The National Education Union: SEN, Disability and Inclusion
Colleen Johnson was recently elected onto the National Executive of the National Education Union as their representative for disabled members. A few months into office, Coleen describes what’s she’s been doing and sets out her vision for the future of disabled pupils and staff.
In January this year I took up my position as the new seat-holder for disabled members on the National Executive of the NEU. It was very important to me to build on the dynamism that resulted in me being elected. Thus quite early on I visited Lambeth district to talk about the effects of the funding crisis on our SEND pupils. It is good to see both parents and educators working closely together on this issue to highlight and challenge this dreadful situation. It is shocking to think that in 2019 we have schools saying they are not being given the funds to support SEND pupils and that pupils with SEND are six times more likely to be excluded from school than their peers!
More on SEND issues later – after meeting the new organiser for disabled members, it was decided under the spirit of ‘Nothing About Us Without Us’ to visit the proposed venue for our Disabled Members Conference 2019 and to do a full access audit with a group of disabled members and NEU staff. This felt like a much more inclusive process which should yield better results for members.
Since the beginning of the Spring term I have visited both Somerset and Southern Derbyshire NEU in order to talk to members about self-identifying as disabled to the NEU. It is important too I feel, that people really understand and use the social model of disability and realise that reasonable adjustments can and should be requested to help them at work. Our group needs to grow within the NEU as we must become a force to be reckoned with, not just an afterthought.
I have begun to think about what works for disabled members if we are to have a more diverse workforce. A meeting with both Mary Bousted and Kevin Courtney, Joint General Secretaries, provided lots to think about when armed with questions from members. A meeting with Nick Gibb MP is being sought so that disabled members can talk about being in school and what works or causes barriers for them. What pleases me most is to hear about collective action in relation to a disabled member, like recently at Connaught School for Girls in Waltham Forest where NEU members supported their colleague brilliantly under the direction of the school rep, or when I’m chatting to a district secretary who is very skilled at supporting disabled members so they remain at work and are not managed out of the profession with a settlement agreement.
NEU Annual Conference took place in Liverpool this year and it began almost instantly with a very positive and large disabled members’ reception. It was great to see how our new larger union included more activists who wanted to be out and proud as disabled people. Different officers and officials from the union dropped by to say thank you to the outgoing seat holder Mandy Hudson and to welcome me to the role.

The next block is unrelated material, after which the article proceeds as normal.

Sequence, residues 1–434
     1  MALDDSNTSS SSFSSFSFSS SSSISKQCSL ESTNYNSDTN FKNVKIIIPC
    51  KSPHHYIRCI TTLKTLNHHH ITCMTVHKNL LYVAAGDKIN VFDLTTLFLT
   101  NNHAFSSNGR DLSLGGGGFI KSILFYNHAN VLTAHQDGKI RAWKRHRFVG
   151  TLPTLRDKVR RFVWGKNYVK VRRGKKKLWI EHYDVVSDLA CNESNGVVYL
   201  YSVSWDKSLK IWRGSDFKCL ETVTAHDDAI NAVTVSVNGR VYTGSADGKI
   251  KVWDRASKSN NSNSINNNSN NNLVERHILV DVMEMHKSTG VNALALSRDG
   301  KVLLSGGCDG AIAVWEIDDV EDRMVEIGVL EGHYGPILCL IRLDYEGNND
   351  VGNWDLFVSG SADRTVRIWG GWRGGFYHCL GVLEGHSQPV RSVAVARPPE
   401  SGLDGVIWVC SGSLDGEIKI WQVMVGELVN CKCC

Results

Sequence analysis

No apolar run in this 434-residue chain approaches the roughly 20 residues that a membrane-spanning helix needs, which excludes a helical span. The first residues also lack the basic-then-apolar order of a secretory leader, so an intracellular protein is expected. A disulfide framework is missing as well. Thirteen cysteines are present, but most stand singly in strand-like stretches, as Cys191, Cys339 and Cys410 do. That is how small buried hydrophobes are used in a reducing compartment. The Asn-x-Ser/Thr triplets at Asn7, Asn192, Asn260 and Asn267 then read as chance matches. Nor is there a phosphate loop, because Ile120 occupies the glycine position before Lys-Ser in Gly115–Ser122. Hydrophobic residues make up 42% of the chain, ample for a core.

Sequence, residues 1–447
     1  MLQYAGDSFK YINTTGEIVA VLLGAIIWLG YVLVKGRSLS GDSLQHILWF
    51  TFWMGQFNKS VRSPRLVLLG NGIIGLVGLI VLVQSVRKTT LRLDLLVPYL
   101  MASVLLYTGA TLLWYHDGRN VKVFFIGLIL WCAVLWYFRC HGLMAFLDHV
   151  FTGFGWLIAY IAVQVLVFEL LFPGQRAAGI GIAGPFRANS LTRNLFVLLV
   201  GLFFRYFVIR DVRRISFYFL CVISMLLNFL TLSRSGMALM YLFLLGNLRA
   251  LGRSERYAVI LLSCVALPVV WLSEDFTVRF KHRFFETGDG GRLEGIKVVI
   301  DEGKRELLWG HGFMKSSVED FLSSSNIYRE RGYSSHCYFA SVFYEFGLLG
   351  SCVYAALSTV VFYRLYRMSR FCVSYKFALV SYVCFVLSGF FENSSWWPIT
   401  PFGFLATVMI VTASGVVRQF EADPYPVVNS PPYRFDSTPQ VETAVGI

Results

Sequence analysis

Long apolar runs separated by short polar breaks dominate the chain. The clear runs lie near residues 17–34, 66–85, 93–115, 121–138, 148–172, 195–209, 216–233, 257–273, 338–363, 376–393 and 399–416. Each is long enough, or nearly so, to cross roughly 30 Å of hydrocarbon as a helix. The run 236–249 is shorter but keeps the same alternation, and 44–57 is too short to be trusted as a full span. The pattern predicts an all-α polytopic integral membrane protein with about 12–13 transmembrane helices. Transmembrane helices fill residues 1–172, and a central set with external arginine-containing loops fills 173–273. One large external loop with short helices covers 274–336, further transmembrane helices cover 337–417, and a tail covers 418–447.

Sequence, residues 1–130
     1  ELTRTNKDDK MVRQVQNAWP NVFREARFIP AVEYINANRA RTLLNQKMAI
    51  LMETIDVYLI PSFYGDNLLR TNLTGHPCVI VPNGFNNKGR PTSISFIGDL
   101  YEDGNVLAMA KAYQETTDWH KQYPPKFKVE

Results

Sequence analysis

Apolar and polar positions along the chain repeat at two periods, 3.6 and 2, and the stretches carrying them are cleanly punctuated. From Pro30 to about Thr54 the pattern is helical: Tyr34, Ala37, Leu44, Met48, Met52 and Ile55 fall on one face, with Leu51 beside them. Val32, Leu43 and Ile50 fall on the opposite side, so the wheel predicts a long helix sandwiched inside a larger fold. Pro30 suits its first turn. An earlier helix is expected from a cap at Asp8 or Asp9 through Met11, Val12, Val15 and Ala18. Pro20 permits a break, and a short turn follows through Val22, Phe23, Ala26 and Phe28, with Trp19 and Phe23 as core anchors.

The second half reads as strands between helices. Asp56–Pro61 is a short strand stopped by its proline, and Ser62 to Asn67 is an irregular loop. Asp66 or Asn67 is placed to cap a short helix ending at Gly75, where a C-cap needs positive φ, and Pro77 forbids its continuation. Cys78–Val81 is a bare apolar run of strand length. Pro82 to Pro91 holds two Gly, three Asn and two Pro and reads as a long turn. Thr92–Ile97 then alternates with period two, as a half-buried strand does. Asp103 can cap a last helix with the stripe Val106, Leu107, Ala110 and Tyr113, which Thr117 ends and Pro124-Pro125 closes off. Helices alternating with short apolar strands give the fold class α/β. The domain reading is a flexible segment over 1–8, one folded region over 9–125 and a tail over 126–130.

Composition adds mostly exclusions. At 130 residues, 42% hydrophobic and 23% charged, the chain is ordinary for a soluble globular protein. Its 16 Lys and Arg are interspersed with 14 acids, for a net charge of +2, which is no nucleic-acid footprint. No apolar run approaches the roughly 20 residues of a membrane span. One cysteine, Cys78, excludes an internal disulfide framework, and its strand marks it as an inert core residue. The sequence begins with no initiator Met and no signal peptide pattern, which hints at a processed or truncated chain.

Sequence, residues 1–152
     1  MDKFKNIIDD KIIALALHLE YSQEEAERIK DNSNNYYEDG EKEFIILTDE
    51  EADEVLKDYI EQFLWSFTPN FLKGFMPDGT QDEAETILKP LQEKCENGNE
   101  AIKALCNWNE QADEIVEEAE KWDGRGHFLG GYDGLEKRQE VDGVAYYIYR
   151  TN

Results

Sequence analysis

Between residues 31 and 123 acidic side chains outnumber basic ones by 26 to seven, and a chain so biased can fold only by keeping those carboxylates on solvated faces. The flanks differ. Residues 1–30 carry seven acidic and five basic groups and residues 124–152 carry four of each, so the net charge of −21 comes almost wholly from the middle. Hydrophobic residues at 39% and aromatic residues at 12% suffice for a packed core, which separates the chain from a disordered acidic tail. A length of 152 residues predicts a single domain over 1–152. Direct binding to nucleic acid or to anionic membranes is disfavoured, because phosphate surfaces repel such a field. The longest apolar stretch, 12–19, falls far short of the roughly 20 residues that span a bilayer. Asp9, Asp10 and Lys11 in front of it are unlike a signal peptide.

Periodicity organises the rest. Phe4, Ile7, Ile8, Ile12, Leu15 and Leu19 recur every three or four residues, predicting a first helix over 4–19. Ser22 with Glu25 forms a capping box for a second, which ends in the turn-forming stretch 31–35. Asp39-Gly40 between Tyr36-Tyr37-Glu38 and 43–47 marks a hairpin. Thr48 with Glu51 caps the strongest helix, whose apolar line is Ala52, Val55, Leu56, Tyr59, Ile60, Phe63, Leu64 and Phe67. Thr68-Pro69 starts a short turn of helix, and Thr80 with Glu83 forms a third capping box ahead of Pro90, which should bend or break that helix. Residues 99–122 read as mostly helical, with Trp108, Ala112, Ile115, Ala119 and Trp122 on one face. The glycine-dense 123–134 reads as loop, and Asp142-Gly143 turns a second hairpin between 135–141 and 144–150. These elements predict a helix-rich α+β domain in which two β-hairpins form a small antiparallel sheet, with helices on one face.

During the conference the motion from the Disabled Teachers Conference was passed despite attempts to weaken it. The motion called for role sharing on the national executive for disabled members, those with caring responsibilities or parents. It also sought the creation of a new publication to welcome disabled members to our profession and to tell them about their rights. Finally, it requested improved training for those representing disabled members. It was a wide ranging, ambitious motion but it passed with a two thirds majority required to get a rule change in this situation.
In the Education SEND Section, Motion 23 Supporting Special Educational Needs and Disabilities passed including both its amendments. It includes setting up a forum so that staff working within special needs can feed back to the union promptly. It highlighted the need for Changing Places facilities and it sought to improve SEND training for new teachers. On several occasions, the motion referred to an inclusive model and an inclusive curriculum – much needed for all our children, I feel.
During the conference breakout time I attended a session about The National Education Service where several people spoke eloquently about the future of education under a Labour administration. As plans are still not laid down in detail Richard Rieser from World of Inclusion noted that there was considerable wiggle room to highlight the importance of inclusion. He believed that there was the possibility of a new curriculum coming along and that in coming years a truly inclusive education system could be developed. This system would be based on added value where the social development of youngsters was key as part of a child-centred approach. Families of schools would work together in order to educate all our children together. As for barriers, there should be an ombudsman to deal with complaints from parents and schools. But schools should be accessible as should the curriculum. It was great to listen to this vision, a world away from our current test-based curriculum that is so damaging to all our children.
Going forwards myself – well there’s lots to do…Disabled Workers TUC, the Northern NEU Equality Conference, improving our training to support our members better and the SEND Conference in Durham to attend. All this as well as being in school with the children, teaching. These are exciting times if we are determined and are clear about what we want to achieve.